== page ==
The HRT 3 scans confirmed the estimated cup-to-disc ratios seen on physical examination. His OCTs were revealing on several fronts. First, Bruch’s membrane opening (BMO) analysis of both optic nerves demonstrated a thin neuroretinal rim, consistent with advanced disease (Figures 1 and 2).

While reference databases have their role in assessing where your patient stands amongst a reference group of similar but healthy optic nerves, they don’t give a good picture, in details, of how much damage actually exists. They are simply statistical measures of where a patient exists on the bell curve.

Fig. 3. Note the markedly thin ganglion cell layer in the patient’s right macula. Normal ganglion cell thickness in the macular region varies, but is usually in the 30µm to 40µm range.

Further examination of the OCT images demonstrated significant loss of ganglion cells in both eyes. The OCT shows the macular scan of the right eye, with segmentation including only the ganglion cells; note the central loss of ganglion cells in the macular region (Figure 3). Additionally, the BMO images seen earlier are an overview of the 12 major meridians around the optic nerve, but closer analysis of the minimum rim width (MRW) of the BMO readings can measure the ganglion cell thickness in the neuroretinal rim along 64 radial OCT scans. The MRW in a sector of the left eye, specifically a sector of the superior temporal neuroretinal rim, shows a ganglion cell thickness of just 65µm (Figure 4). For baseline purposes, both these data points are invaluable in determining further deterioration of the neuroretinal rim or macular ganglion cells, should the disease progress.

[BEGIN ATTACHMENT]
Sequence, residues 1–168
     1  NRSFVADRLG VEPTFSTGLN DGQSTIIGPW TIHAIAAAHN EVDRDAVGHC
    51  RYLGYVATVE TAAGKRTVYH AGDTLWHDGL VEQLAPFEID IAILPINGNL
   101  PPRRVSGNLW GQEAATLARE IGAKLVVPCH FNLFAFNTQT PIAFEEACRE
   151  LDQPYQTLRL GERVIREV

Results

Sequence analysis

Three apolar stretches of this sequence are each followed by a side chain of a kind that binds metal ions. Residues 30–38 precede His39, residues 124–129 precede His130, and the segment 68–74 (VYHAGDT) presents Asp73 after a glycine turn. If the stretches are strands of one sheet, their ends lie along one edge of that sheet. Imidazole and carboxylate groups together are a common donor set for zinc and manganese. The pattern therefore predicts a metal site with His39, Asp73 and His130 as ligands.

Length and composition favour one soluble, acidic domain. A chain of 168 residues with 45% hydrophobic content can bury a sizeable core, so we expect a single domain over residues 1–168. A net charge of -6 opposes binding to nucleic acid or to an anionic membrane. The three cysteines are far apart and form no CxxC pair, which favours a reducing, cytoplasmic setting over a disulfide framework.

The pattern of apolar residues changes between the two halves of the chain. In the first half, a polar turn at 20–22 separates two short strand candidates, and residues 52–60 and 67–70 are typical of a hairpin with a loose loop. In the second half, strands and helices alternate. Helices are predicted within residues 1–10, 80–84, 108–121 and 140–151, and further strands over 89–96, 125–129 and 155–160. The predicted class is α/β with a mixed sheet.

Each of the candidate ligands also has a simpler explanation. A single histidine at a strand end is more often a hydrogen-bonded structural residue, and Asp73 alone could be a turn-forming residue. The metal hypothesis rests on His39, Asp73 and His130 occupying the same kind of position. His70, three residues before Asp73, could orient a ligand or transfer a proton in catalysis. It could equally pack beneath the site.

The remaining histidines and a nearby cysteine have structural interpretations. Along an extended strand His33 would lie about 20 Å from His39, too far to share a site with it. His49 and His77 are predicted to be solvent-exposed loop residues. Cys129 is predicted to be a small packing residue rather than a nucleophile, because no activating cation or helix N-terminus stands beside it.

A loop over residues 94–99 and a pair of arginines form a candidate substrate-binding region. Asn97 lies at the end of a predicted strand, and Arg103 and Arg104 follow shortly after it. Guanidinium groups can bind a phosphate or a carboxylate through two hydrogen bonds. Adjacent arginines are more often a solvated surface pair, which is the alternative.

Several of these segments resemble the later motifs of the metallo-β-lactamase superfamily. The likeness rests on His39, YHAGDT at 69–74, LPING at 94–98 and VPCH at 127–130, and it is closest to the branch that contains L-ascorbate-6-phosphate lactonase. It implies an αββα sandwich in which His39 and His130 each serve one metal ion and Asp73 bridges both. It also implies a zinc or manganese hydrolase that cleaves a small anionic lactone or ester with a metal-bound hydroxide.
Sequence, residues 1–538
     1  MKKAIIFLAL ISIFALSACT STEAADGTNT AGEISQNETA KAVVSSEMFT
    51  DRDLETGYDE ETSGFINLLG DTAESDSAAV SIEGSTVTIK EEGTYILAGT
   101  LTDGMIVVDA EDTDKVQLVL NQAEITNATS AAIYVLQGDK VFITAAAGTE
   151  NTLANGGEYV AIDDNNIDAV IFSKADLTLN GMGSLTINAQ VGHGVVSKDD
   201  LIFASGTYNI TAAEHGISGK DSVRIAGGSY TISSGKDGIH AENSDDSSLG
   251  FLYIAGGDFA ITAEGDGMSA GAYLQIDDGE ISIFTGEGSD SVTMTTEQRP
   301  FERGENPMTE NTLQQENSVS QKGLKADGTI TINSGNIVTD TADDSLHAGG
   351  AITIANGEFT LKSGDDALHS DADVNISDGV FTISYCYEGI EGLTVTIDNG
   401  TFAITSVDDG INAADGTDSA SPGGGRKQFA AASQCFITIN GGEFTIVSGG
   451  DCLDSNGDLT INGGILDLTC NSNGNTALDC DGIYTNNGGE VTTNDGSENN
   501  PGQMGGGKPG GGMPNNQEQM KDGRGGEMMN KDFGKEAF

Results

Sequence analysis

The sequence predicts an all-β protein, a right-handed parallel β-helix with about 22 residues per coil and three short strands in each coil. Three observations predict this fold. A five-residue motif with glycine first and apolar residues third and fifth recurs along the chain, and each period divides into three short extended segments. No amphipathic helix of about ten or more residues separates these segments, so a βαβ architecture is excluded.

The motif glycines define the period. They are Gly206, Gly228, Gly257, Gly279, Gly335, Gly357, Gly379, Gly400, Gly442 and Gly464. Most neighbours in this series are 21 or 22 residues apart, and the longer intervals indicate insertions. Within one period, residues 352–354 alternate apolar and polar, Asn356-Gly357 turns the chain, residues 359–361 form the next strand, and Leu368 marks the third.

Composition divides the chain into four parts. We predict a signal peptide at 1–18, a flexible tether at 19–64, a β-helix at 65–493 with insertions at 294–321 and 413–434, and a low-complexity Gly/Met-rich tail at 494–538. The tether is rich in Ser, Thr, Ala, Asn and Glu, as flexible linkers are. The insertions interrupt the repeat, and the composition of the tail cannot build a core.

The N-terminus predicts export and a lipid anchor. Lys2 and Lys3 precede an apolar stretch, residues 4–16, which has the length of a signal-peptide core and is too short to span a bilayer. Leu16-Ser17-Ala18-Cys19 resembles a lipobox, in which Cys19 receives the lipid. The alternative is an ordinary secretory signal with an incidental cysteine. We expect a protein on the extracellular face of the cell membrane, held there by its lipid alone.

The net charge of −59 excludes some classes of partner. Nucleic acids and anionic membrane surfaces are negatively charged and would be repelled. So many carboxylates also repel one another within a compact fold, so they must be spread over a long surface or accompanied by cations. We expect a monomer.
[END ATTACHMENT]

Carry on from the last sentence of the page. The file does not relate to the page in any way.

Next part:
At the completion of the initial visit, it was clear that the patient had advanced glaucoma, and important baselines were obtained. But I still was not at the point yet where I could accurately render an opinion as to whether or not the patient should undergo further therapy. I explained that, while he did have advanced glaucoma, more information was needed. Some of that information would need to come from the previous provider, and some would be obtained on the next visit with me. 

The patient was scheduled to return to my clinic in one to three weeks for visual field testing, gonioscopy, anterior chamber imaging with both OCT and UBM imaging, as well as an important second IOP reading to get a feel for diurnal variation. At that visit, applanation tensions were 12mm Hg OD and 15mm Hg OS at 10:05am. Threshold standard automated perimetry visual fields demonstrated significant bilateral field defects consistent with the level of glaucomatous damage, with right-field defect-involving fixation. Gonioscopy demonstrated wide-open angles, with mild trabecular pigmentation OU, and the anterior segment OCT scans and the UBMs demonstrated normal anterior chamber anatomy.